AUTHOR Anne Alcock saw her cancer diagnosis as a new adventure that life had thrown her way.
She wrote a book — entitled Cancer: A Circle of Seasons — about her journey, a journey that she considered to be challenging but valuable.
She wrote her book in the form of a journal, one that she hopes can help other people going through cancer treatment or other illnesses.
Proceeds from the book will go to four charities in Cork and Kerry.
“In writing the book I never saw this (cancer) as a terrible thing; I know this sounds strange, but to me it was like an adventure — I haven’t done this before, I don’t feel alone in this, I never lost a night’s sleep over it, I do believe that the Lord walks with us and so it was that sense of faith that helped me.
“So, I thought ‘I’ll do this, I’ll do what I’m supposed to do, and I’ll go with it’ — it honestly felt like that.”
This is Anne’s fourth book; it follows the UK-born author’s scripture-based books Word Into Heart, Woman in Search of Wholeness and Turning Aside to Hear.
Anne has roots in Ireland, the UK, and Madeira, and she spent her childhood in Africa. After some time in London, as a Dominican Missionary sister, she returned to lay life, and has now lived in Ireland for more than 30 years.
She is a well-known spiritual director, and retreat facilitator, a whole-person-consultant, psychotherapist, stress-management facilitator and author.
She has a connection to Cork that spans three decades; in the late 1980s she was invited here, to work.
“I came to Cork in 1987, and I first worked in relaxation and body and retreat work and I was doing that in Ennismore, up in Montenotte.
“At that time there weren’t a lot of people doing holistic work.”
She worked in Ennismore until 1990, and then branched out by giving retreats nationwide and in the UK. From 1993 to 2000, Anne worked as a chaplain in St Peter’s school/college in Passage West.
Her mum, now deceased, relocated from Madeira to Cork many years ago — she loved the people, Anne remembers, and they loved her in return. When she became ill, Anne nursed her in her final days. It was a year after her mum died, in 2015, that Anne was diagnosed with breast cancer.
“I went for a routine check-up, and the doctor asked: ‘How are you?’ It was springtime and I felt fantastic!
“I said: “Never better, except that I found a lump.”
Anne was referred to Cork University Hospital and doctors confirmed that it was cancer.
“I had a sense — I kind of knew it and it was always like, ‘Wow, I’ve joined so many of my friends in this now’.
“I felt a great connection with the vast sisterhood of other women who are on this journey; I thought: ‘Well, why wouldn’t I have it?’ ‘It didn’t feel like ‘what a terrible thing has happened to me’, it really felt like, ‘Yes, this is another piece of life’.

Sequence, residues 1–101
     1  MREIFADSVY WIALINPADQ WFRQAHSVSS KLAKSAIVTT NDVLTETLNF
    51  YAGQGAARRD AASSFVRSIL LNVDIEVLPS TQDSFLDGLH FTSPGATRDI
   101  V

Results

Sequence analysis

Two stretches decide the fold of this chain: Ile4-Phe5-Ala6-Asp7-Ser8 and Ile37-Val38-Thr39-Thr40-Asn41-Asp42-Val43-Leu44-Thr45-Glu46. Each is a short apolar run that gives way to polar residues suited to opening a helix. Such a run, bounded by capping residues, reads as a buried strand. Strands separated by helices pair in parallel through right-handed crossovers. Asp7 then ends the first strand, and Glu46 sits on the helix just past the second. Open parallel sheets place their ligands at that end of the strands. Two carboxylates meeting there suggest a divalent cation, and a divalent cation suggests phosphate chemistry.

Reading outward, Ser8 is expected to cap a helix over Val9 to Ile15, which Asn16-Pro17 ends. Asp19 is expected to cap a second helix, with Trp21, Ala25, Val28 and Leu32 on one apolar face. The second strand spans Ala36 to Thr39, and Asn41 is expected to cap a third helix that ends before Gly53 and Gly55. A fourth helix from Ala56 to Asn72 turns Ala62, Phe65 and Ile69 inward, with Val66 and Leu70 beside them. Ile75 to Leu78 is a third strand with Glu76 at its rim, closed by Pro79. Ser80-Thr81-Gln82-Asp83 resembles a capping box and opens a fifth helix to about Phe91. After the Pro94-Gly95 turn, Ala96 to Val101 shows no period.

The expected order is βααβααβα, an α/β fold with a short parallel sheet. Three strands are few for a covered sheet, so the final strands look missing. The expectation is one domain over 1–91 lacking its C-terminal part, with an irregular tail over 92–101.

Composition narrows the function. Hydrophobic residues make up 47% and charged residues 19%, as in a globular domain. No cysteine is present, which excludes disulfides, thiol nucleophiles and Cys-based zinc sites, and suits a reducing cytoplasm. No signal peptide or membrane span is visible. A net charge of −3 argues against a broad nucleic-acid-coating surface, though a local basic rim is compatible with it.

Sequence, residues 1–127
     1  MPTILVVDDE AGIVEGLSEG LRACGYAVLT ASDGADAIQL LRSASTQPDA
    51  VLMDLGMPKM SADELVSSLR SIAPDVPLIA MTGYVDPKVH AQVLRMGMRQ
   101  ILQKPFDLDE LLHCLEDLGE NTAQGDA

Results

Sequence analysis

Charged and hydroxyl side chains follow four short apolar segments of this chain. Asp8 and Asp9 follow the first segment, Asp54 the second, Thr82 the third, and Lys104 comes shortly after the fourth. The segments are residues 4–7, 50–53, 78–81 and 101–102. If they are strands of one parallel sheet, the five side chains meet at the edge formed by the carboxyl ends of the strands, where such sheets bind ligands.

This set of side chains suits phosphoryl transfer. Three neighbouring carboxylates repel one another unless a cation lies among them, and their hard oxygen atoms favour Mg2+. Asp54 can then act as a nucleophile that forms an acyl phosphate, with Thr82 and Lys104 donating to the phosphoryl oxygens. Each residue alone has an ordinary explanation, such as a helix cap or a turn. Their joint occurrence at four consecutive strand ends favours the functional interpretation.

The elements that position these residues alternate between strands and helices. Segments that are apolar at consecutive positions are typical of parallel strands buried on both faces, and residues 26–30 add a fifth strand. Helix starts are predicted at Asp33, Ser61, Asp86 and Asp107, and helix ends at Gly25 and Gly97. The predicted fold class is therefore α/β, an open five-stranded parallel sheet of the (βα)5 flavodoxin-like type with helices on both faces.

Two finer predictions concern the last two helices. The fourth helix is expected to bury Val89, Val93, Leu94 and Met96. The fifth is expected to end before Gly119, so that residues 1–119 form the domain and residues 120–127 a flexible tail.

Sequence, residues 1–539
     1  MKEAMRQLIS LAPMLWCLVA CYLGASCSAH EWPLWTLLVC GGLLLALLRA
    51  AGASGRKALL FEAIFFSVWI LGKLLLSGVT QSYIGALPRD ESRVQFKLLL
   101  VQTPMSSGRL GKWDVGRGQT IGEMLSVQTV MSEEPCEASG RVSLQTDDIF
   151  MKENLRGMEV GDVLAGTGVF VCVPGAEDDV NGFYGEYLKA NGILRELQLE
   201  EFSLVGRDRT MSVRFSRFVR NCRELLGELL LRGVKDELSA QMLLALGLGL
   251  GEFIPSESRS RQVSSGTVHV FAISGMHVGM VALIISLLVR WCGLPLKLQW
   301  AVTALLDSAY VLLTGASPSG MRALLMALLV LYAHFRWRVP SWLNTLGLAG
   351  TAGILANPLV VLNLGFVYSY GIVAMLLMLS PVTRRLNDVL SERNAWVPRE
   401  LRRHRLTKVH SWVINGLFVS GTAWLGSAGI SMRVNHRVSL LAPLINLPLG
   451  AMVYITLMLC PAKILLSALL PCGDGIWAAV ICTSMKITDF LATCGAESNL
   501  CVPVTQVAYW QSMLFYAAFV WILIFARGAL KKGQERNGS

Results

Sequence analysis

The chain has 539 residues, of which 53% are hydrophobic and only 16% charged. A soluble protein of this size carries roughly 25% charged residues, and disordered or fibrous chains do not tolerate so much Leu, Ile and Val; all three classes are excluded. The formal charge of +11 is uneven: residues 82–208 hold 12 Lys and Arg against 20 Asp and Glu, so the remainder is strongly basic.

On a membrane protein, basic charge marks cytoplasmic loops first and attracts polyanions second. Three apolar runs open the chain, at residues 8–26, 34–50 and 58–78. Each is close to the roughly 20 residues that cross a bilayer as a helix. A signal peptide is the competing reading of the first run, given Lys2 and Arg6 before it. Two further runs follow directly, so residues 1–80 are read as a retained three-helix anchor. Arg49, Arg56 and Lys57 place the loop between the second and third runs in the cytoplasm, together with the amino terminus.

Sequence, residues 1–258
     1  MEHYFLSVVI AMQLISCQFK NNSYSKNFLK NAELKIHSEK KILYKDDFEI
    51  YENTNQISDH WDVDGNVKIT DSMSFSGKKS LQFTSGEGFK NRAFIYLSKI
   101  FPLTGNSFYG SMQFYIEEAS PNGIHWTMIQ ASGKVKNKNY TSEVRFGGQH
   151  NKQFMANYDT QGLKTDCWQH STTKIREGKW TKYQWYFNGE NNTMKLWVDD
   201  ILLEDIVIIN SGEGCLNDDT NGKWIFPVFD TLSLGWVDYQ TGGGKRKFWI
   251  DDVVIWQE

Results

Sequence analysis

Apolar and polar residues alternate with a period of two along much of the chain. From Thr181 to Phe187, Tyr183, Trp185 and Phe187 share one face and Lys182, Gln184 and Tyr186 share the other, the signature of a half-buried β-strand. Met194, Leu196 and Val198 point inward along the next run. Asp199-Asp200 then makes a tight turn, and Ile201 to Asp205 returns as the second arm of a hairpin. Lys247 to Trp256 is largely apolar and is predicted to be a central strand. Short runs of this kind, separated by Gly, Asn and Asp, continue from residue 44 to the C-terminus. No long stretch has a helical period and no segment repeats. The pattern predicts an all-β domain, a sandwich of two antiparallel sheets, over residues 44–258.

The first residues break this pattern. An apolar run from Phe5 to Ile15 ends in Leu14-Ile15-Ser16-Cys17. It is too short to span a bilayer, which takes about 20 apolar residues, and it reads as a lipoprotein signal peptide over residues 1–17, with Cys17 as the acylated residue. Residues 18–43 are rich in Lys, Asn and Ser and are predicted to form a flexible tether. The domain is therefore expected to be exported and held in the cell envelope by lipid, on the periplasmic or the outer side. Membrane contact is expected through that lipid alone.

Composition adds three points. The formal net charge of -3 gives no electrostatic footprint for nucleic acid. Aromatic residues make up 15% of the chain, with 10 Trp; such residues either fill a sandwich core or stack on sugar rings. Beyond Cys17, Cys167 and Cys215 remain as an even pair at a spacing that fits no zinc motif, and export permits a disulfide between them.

“Maybe because at my age it wasn’t as traumatic a thought as if I had been a younger person — I am 70 so I would have been 67 (when I was diagnosed).
“I have reached a stage in life where I don’t expect it all to be fantastically brilliant; I think we make what we have brilliant — that’s how I would try and live.”
Anne underwent a year of treatment, which included surgery and radium afterwards, and she praised staff at UCC Breastcare Clinic and the Dunmanway Suite in UCC who helped her through it.
When diagnosed with breast cancer, she prayed, she drew; she talked, and looked for a book that could help her.
“This book was my way of bringing it altogether and maybe helping anyone who would also like to journal and reflect creatively about their own life-experiences. Anything. Not just illness.
“Even in the midst of family and friends, many journeys have to be taken alone, and as someone living on her own, I have always found writing prayers to a companioning God, very helpful — these prayers are included, alongside actual diary entries and journaling questions for the reader.”
Cancer: A Circle of Seasons, is a self-help book that invites the reader to document their own story — every chapter has a ‘Journal for You’ page, prompting the reader to write.
“I actually found that this was a journey that was valuable, and if we do have a chance to reflect on how we meet the challenges that life brings us, it can really be life- enhancing — that’s how I see it and how I always saw the book.
“Ultimately, it’s the healing and calming value of reflective journaling in challenging situations.”
Anne inherited a positive outlook from her mum, who taught her to live with her ‘eyes open’. That ultimately stood to her during her cancer journey.
She now has a check-up every three months and tries not to think too much about the disease she had.
“The lump was removed, treatment was given and I’m getting on with my life; happily taking life as it comes.”
Royalties from the book go to the Irish Cancer Society, Kerry Health Link bus, Breakthrough Research, UCC and Recovery Haven in Tralee.